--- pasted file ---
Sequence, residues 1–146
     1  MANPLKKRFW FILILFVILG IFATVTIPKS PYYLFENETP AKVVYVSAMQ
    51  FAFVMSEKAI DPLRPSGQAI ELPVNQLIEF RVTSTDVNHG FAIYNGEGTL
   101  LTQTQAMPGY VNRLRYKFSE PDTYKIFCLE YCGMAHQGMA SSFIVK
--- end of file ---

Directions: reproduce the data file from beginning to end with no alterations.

Sequence, residues 1–146
     1  MANPLKKRFW FILILFVILG IFATVTIPKS PYYLFENETP AKVVYVSAMQ
    51  FAFVMSEKAI DPLRPSGQAI ELPVNQLIEF RVTSTDVNHG FAIYNGEGTL
   101  LTQTQAMPGY VNRLRYKFSE PDTYKIFCLE YCGMAHQGMA SSFIVK